Boeing says 737 Max won’t be cleared to fly until mid-2020

Six-month delay will add to the company’s financial burden

 Boeing 737 Max aircraft  parked outside the company’s production facility in Renton, Washington, last week. Photograph: Lindsey Wasson/Reuters

Boeing 737 Max aircraft parked outside the company’s production facility in Renton, Washington, last week. Photograph: Lindsey Wasson/Reuters


Boeing Co said its grounded 737 Max won’t be cleared to fly until the middle of this year, at least six months later than previously anticipated, adding to the company’s financial burden.

The US planemaker is resetting expectations as it addresses two recent setbacks for the embattled Max: a software flaw that will require more work than expected and an audit that found some wiring on the aircraft needs to be shifted. The final determination on when the Max will fly again remains in the hands of US regulators, Boeing said in a statement on Tuesday.

The worsening timeline deepens the challenge for Boeing as new chief executive officer David Calhoun tries to repair frayed relationships with customers, suppliers and regulators. His predecessor, Dennis Muilenburg, was ousted in December as it became apparent that the company would miss its goal of recertifying the Max in 2019. The jet was grounded in March after the second of two deadly accidents that killed a total of 346 people.

The new delay will “reduce deliveries and increase Boeing’s reimbursements to airlines, which we believe will easily top $10 billion,” Bloomberg Intelligence analyst George Ferguson said in a report. “Boeing will have to pay airlines for lost profit and the increased cost of training if simulator work is needed, as the airframer recommends.”

Slower recovery

Every month the grounding drags on means a slower recovery for Boeing, which has halted production of the Max. More delays also signify growing costs to store about 800 of the single-aisle workhorses. Boeing has borrowed $21.5bn (€19.4bn) since the first Max fell from the sky in October 2018, and is seeking to add another $10 billion in new loans.

The shares dropped 3.3 per cent to $313.37 at the close in New York, the biggest decline on the Dow Jones Industrial Average and the lowest closing price in more than a year.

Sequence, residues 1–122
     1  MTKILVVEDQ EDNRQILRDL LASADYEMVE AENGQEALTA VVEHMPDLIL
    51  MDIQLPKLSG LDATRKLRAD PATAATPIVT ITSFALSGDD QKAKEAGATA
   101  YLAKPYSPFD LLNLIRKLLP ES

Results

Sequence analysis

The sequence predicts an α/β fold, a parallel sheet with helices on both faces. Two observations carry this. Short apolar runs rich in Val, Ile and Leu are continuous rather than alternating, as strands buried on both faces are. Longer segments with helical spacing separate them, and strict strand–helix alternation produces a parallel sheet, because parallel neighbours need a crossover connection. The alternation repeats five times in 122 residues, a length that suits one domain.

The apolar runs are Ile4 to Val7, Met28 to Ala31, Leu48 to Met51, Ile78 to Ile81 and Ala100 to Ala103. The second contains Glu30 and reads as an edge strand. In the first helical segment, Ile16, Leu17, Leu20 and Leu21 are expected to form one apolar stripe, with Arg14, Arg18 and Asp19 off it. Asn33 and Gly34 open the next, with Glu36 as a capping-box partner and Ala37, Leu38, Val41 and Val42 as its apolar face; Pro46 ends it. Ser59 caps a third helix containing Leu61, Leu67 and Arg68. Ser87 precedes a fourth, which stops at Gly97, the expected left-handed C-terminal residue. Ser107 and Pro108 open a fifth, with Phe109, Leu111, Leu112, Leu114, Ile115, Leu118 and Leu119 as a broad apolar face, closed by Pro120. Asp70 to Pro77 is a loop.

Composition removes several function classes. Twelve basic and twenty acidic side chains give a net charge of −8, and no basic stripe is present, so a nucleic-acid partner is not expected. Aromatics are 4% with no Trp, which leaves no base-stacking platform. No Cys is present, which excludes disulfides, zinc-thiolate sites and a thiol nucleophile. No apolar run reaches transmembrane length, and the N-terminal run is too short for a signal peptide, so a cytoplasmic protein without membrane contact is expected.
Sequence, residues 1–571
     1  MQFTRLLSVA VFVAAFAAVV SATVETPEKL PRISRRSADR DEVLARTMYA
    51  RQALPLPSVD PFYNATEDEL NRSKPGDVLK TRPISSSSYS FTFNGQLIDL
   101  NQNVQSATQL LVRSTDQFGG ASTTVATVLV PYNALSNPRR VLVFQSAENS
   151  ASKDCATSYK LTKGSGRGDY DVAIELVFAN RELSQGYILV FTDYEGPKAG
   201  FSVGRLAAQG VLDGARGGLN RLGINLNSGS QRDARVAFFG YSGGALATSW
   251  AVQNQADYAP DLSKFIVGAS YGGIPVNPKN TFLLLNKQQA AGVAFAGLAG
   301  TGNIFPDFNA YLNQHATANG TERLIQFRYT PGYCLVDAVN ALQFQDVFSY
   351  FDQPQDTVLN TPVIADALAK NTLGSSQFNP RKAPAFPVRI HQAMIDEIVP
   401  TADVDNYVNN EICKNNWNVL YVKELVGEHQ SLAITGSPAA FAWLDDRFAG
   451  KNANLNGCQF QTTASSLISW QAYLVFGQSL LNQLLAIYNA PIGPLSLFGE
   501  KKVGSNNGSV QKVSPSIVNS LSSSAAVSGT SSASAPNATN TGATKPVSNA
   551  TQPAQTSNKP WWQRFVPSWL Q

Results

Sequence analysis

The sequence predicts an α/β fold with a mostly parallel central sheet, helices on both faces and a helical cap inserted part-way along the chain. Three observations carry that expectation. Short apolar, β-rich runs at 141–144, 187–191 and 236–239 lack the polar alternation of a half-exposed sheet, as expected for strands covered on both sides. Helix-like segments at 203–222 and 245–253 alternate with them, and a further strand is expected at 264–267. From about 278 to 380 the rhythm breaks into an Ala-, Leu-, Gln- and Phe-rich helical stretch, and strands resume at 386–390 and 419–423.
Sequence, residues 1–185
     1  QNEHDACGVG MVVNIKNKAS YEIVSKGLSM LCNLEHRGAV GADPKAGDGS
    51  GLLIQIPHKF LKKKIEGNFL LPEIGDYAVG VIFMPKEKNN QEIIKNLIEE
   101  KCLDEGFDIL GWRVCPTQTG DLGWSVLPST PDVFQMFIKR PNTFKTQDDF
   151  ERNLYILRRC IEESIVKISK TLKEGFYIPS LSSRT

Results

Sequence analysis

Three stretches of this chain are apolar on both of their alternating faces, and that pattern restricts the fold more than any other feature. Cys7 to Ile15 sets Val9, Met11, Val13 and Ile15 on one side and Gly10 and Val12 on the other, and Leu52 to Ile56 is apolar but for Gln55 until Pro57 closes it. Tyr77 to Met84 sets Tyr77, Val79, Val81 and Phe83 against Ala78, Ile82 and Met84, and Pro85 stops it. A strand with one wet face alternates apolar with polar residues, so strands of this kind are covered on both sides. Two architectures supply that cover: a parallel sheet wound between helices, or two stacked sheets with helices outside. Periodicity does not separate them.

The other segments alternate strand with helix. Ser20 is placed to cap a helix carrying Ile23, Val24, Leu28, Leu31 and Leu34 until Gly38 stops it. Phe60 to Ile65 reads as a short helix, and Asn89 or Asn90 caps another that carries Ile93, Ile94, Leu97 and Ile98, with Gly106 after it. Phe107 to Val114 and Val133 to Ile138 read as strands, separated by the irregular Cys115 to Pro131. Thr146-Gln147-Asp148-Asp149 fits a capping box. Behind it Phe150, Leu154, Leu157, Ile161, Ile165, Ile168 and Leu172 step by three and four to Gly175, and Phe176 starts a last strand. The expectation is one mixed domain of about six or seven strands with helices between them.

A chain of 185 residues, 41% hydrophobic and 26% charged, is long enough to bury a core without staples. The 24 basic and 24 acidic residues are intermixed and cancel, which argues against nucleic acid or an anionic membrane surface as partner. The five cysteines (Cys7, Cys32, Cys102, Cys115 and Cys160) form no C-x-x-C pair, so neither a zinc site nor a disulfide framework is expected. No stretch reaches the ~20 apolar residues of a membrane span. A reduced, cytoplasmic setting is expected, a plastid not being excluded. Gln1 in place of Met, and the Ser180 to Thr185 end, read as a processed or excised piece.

The latest estimate “is subject to our ongoing attempts to address known schedule risks and further developments that may arise in connection with the certification process,” Boeing said. “Returning the Max safely to service is our number one priority, and we are confident that will happen.”

The Federal Aviation Administration (FAA) said it has not set a time frame for completing work on the Max, which was expected to be Boeing’s largest source of profit when it debuted in 2017.

“We continue to work with other safety regulators to review Boeing’s work as the company conducts the required safety assessments and addresses all issues that arise during testing,” the FAA said in a statement.

If the Max does indeed return in the middle of 2020, Boeing’s best-selling jet will miss some or all of the busy summer travel season for the second straight year, compounding the pain for airlines. The three largest US Max operators have already taken the aircraft out of their schedules through June.

“We will continue to assess any future schedule revisions on a rolling 30-day basis and make any potential adjustments accordingly,” said Brandy King, a spokeswoman for Southwest Airlines Co. The carrier, the biggest Max operator, has pulled the model from its schedules until June 6th, resulting in as many as 330 weekday flight cancellations. Calhoun, a former senior executive at General Electric Co. and Blackstone Group Inc., stepped into the top job at Boeing on January 13th, emphasizing transparency and streamlined decision-making. His plans for turning around the company will be in the spotlight when Boeing reports fourth-quarter earnings on January 29th. – Bloomberg